My resident gardening expert is my friend Maria.
She’s been gardening for YEARS and I’m quite the novice. Thankfully, she is full of awesome advice on all sorts of issues.
She’s the one that helped me get rid of the grey flesh fruit flies that nearly decimated my tomatoes. She also has zucchini’s growing out her ears, and helped me figure out that my lack of fruit was because my zucchini flowers weren’t being pollinated very well.
During our last discussion (when I invited myself over to admire her zucchini plants), she asked me what I was using for fertilizer.
Um… fertilizer? You mean, I really have to do that? I thought that was just for the super-gardeners. You know, the ones who want a super great, show-up-the-neighborhood type of harvest.
And if we’re being honest, what gardener doesn’t want an over-producing garden?!
“Yes, Tiff,” she replied. “You do! Plants need food, and once the roots grow past your top soil, they’ll be in the sand. And there aren’t many nutrients in the sand, right?”
So, since plants need nutrients, I took her advice and fertilized. I bought some organic, all-purpose vegetable and plant fertilizer and and have been faithfully feeding the plants every four weeks (per her instructions).
The result? My zucchini’s are looking better, the tomatoes are busting at the seams and my broccoli is HUGE!
I can’t say my lettuce and squash are doing as well, but I’ll leave that story for the next garden update.
In any case, I knew there was a way to fertilize the garden without having to go to the store and buy fertilizer. Especially if we’re keeping up with it once a month AND trying to keep this garden thing as frugal as possible.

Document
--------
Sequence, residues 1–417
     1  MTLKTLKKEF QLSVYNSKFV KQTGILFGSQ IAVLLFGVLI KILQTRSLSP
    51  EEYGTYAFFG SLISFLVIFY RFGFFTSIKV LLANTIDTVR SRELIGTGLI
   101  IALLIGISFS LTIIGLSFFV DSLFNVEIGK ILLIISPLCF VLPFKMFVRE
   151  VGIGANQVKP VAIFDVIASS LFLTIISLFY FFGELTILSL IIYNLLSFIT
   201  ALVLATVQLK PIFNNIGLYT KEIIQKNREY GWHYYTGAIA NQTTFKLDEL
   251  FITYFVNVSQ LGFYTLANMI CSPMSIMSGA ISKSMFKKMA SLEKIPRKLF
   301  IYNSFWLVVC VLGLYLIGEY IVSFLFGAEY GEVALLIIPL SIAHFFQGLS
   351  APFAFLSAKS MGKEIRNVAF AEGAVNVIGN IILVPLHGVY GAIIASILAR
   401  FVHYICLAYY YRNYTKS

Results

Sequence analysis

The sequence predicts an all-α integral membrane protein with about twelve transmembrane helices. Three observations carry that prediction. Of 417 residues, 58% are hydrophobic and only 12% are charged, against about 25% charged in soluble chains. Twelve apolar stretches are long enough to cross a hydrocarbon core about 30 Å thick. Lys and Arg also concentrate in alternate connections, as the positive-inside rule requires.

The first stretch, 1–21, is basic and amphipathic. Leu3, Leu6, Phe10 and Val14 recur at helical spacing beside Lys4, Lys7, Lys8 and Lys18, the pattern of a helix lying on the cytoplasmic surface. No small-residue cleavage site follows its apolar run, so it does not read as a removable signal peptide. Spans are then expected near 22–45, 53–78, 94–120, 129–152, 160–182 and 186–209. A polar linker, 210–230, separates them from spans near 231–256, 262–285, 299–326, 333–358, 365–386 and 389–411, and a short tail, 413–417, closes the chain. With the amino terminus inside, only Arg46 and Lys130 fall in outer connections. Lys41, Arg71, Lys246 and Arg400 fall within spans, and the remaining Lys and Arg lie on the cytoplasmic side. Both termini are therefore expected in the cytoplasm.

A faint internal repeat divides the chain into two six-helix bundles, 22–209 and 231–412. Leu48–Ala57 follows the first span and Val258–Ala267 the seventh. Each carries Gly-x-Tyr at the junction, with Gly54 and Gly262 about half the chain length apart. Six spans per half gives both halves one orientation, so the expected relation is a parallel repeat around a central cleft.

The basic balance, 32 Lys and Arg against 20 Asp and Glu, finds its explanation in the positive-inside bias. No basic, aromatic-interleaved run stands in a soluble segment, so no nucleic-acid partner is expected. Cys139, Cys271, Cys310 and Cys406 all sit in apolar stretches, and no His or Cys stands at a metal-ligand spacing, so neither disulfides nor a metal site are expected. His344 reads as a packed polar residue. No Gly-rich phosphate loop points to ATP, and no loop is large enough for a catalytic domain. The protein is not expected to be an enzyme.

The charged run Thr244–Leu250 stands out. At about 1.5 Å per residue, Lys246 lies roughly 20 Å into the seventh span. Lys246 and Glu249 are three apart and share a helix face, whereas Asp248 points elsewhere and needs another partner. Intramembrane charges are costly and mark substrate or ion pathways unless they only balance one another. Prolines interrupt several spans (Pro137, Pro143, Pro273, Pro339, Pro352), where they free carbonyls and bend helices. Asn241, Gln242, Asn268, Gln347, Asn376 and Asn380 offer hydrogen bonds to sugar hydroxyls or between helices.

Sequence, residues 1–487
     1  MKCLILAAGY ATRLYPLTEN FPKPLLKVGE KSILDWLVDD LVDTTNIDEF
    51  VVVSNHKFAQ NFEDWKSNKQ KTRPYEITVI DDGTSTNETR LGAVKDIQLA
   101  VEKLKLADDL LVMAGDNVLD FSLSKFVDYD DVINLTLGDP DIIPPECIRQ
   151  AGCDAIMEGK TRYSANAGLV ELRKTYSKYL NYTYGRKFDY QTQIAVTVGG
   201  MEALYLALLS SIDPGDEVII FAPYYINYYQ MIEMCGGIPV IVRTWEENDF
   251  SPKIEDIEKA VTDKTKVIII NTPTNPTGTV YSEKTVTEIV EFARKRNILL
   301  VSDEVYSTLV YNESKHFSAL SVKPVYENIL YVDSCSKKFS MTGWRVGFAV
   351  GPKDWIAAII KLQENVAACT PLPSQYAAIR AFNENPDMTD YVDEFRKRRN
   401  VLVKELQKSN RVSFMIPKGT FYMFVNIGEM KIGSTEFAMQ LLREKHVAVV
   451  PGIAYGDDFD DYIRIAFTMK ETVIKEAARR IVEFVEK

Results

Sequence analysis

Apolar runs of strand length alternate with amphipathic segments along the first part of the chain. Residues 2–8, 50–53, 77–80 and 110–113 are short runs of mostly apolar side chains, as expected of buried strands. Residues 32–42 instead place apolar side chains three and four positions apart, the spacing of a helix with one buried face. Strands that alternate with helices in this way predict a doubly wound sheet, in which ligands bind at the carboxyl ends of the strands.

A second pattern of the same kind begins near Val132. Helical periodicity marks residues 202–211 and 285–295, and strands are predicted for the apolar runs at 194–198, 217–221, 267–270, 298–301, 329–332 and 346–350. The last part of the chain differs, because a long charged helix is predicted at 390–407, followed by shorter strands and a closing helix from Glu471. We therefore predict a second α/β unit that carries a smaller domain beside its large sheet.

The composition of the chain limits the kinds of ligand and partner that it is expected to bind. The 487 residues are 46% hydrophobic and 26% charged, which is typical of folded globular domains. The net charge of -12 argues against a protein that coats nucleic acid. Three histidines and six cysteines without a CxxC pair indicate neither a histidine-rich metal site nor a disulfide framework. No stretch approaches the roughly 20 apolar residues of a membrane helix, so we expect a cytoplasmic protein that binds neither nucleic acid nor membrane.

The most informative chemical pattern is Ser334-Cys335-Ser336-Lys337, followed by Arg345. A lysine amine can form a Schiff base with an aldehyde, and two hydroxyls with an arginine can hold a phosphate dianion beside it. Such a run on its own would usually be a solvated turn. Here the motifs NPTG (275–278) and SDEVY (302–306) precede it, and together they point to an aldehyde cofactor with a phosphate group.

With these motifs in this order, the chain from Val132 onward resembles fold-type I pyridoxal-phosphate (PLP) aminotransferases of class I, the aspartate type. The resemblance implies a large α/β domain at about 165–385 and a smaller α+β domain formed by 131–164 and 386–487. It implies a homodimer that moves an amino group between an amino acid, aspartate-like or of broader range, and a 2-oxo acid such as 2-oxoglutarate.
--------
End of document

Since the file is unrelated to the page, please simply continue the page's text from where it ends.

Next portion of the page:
So I did some digging and came up with a list of 50 ways to fertilize your garden for free. As a bonus, it’s possible to do it organically too!
The fertilizer freebies fall into three main categories: food, plant and animal. Don’t expect to be able to do them all, because I surely won’t! But it’s a great place to start when you’re looking to feed your plants this season, and as you prepare the soil this fall for next year’s garden. In either case, be sure to pin this post so you have it ready when you are!
Note: This great list is available in a handy download. Simply scroll down to the bottom of the post to get your free copy!
50 Ways to Fertilize the Garden for Free
- banana peels (chopped and planted at the bottom)
- carrot peels
- citrus rinds
- coffee grounds (consider checking local coffee shop for their extras and I heard Starbucks has a policy to give used coffee grounds to anyone who asks!)
- corn meal (soak 1 cup per 5 gallons of water, strained)
- egg shells
- energy drinks (perfect use when they come in game day snacks!)
- Epsom salt (diluted 1 Tbsp per gallon of water)
- green tea
- molasses (diluted 1-3 tbsp per gallon of water)
- onion peels
- peanut shells
- potato peels
- pulp from juicing fruits & veggies
- tea bags
To Make Food Mulch: Add 1 Tbsp of finely ground item and work into the soil around the plant. Repeat weekly.
To Make Food Tea: Add food to a large container and fill with water. Allow to steep for several days, to several weeks. Dilute 1 cup tea to 1 gallon of water.
To Make Powdered Food Fertilizer: Allow food item to thoroughly dry. Process in a blender until it is a fine powder and sprinkle around the base of each plant.
- alfalfa meal
- brow leaves
- crimson clover